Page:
Saddlebred: Flashy breed of horse, originating in the US, known for its spectacular gaits.

Saddle Horn: Prominent pommel at the front of a western saddle around which the rider loops or twists the lariet when a steer has been roped to secure the animal. See also Horn.

Saddle Horse: A riding horse.

Saddle Marks: White hairs in the saddle area, probably caused by galls.

School: Enclosed, marked out area used for the training and exercise of the horse. (See also Manege)

School Movements: The gymnastic exercises performed in the school or manege.

Scope: A horse which has scope shows potential and capability for freedom and movement to a special degree.

Scours: Name given to diarrhea in foals.

Scratches: Scabby, oozing skin inflammation on the back of the pasterns, just above the heel.

Seedy Toe: Separation of the hoof wall from the sensitive laminae, often caused by neglecting the feet. Sometimes accompanies laminitis.

Serpentine: School movement in which the horse, at any pace, moves down the center of the school in a series of equal-sized loops.

Set Tail: A tail that has been broken or nicked to produce an artificially high tail carriage.

Shank bone: Hind cannon.

Shetland Pony: Small breed of pony originating from the Shetland Isles, north of Scotland. One of the British native breeds. Known for its hardiness.

Shire Horse: Breed of draft horse, originating in northern England. Once used as a war horse and later as farm and draft animals.

Shivers: Abnormal hind leg gait seen in draft horses in which the horse flexes one or both hind legs and tremors can be seen in the large muscles in the upper leg. Thought to be caused by EPSM.

Shoe, To: The act of fitting and securing metal shoes to the horse's feet, usually done by a farrier.

Shoulder-In: Two-track movement in which the horse is evenly bent along the length of its spine away from the direction in which it is moving.

Shy, To: Where a horse jumps suddenly to one side, having been startled by a real or imaginary object.

Sickle hocks: Hocks which are bent, giving the hindleg the shape of a sickle, with the hind legs too far under the body. Although consider a conformation fault, this trait is desired by some reiners as the horse has to almost sit down in some of the reining patterns.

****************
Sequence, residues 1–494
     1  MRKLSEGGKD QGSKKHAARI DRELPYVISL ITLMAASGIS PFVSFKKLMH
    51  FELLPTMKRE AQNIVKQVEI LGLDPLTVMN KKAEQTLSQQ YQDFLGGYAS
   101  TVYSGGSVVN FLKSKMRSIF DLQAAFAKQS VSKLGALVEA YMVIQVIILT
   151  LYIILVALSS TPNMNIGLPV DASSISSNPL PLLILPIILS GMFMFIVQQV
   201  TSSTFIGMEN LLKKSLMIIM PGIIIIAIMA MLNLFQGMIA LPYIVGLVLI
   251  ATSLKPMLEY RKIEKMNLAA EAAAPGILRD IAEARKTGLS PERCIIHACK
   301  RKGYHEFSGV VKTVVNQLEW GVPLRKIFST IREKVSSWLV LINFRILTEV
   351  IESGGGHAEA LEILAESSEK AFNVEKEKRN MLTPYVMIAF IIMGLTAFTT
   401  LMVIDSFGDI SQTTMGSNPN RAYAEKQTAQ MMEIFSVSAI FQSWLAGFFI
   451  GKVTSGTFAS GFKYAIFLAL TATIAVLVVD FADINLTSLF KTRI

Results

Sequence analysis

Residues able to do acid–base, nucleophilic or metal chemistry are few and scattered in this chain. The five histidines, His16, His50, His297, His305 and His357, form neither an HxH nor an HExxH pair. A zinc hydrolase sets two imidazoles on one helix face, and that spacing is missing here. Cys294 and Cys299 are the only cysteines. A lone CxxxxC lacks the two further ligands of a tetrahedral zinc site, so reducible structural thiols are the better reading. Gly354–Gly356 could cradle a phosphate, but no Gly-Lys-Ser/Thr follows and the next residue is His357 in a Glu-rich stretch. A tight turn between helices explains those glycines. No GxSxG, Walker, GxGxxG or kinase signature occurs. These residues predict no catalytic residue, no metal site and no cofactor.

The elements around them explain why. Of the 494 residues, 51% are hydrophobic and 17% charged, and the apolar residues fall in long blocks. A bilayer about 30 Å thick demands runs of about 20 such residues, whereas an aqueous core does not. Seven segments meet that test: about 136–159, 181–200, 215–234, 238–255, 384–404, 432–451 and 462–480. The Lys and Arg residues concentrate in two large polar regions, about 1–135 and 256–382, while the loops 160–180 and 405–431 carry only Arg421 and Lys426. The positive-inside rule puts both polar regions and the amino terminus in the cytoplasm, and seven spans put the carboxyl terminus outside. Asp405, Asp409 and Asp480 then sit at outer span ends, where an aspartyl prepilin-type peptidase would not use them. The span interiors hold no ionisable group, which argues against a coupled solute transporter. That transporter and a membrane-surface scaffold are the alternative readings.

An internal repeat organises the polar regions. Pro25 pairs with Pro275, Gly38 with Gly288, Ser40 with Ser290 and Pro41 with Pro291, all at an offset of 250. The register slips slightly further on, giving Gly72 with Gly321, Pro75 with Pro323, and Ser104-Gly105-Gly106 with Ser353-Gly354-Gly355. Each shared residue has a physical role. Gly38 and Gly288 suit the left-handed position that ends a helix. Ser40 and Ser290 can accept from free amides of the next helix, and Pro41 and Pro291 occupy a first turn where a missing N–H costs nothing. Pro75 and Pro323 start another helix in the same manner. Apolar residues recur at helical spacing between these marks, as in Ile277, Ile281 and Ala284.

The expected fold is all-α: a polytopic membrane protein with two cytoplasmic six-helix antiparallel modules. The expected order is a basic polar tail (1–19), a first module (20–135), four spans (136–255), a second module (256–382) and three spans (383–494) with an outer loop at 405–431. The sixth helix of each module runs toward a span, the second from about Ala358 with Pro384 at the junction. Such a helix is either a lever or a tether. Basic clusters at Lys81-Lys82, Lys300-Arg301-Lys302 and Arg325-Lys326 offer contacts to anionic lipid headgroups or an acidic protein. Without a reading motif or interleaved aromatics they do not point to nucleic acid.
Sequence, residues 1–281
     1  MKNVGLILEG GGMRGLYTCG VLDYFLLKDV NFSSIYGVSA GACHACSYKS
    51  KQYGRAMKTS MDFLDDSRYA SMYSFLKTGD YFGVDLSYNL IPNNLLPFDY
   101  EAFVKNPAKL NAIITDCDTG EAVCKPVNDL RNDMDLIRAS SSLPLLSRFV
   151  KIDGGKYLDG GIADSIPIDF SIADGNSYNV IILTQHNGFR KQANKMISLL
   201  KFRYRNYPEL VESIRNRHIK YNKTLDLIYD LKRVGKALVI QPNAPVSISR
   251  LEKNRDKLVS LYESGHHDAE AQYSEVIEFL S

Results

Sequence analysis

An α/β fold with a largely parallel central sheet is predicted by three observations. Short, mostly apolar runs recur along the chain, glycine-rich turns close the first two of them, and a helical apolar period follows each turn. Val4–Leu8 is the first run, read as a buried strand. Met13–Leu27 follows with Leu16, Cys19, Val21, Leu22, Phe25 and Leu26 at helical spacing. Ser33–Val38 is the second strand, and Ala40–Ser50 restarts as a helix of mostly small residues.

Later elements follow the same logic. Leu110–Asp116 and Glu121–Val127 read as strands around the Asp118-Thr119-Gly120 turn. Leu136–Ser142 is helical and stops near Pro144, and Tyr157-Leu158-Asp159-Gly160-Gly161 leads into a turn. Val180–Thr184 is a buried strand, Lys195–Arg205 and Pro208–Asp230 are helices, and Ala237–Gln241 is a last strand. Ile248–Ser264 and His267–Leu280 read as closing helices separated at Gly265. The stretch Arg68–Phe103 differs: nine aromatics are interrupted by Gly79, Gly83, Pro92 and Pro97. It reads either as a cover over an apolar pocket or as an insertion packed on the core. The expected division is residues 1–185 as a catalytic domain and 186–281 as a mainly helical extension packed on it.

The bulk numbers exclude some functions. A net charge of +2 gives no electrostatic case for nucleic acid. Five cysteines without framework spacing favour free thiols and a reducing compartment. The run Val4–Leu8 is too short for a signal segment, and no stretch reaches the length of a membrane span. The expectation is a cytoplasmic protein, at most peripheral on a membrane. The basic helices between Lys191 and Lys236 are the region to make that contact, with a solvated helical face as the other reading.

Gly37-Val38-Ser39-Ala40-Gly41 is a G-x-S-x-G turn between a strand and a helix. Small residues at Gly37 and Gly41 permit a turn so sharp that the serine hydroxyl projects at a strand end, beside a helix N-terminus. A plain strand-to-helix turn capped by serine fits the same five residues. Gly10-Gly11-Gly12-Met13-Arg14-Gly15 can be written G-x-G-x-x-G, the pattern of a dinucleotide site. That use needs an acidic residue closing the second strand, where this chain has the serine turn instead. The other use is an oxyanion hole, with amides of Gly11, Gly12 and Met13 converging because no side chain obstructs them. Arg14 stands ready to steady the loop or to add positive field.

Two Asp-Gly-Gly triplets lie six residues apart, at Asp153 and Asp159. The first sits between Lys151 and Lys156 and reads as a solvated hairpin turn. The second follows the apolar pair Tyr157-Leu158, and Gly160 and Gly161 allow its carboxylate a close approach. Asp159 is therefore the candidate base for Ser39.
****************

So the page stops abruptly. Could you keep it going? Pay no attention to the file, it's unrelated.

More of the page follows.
Sidebone: Ossification of the lateral cartilage on either side of the coffin bone within the hoof.

Side Reins: Reins used in training to help position the horse's head. They attach at one end to the bit and to the girth or to the training surcingle at the other end. Often have a rubber "donut" or elastic section in them.

Sire: A horse's male parent.

Skewbald: English term for body color of irregular white and color patches other than black (i.e. brown, chestnut) Called pinto in the US.

Slab-sided: Narrow ribbed.

Snaffle (bit): Design of bit that acts of the corners or bars of the horse's mouth. May be jointed or straight, but does not have shanks and only uses one rein.

Sock: White marking on any or all of a horse's lower legs. Markings extending higher than the knee or hock are called stockings.

Sound: Free from lameness or injury.

Spavin: Name given to degerative arthritis of the lower joints of the hock, characterized by a bony swelling which can be felt on the front and inside of the hock. See also bog spavin.

Splints: Injury to one or both of the metacarpal or splint bones, which run up the back of the cannon bone. Stress or strain can cause the ligaments attaching these bones to the cannon bone to pull and tear, causing heat, swelling and lameness. Eventually additional bone is laid down on the site of the injury, leaving behind a bony swelling. called a splint.

Spurs: Small metal devices worn on the rider's boot to help enforce the leg aids. Come in a range of severety, from very mild blunt spurs to severe roweled models.

Stable Management: The art of looking after one or more stabled horses, including all aspects of their care and welfare.

Stallion: Uncastrated male horse. (See also Entire)

Standardbred: Breed of horse popular as a harness racer.

Star: Name given to any white marking on the horse's forehead. (Small markings are called a snip)

Stock Horse: Name given to horses that are used in ranch work, driving and cutting cattle etc.

Stocking: White marking on any or all of a horse's legs which extends beyond the knee or hock. Markings which are confined below the knee or hock are called socks.

Strangles: Highly contagious disease caused by Streptococcus Equi. Also called distemper.

Stripe: Elongated white marking down the front of the horse's face. (Also called a blaze)

Stringhalt: Condition characterized by the over-flexion of the hind legs, in which the leg often is jerked up toward the belly at each step.

Strongyles: Equine internal parasite, also known as bloodworms.

Stud: Breeding establishment - stud farm. The term is also used in the US to describe a stallion or a colt.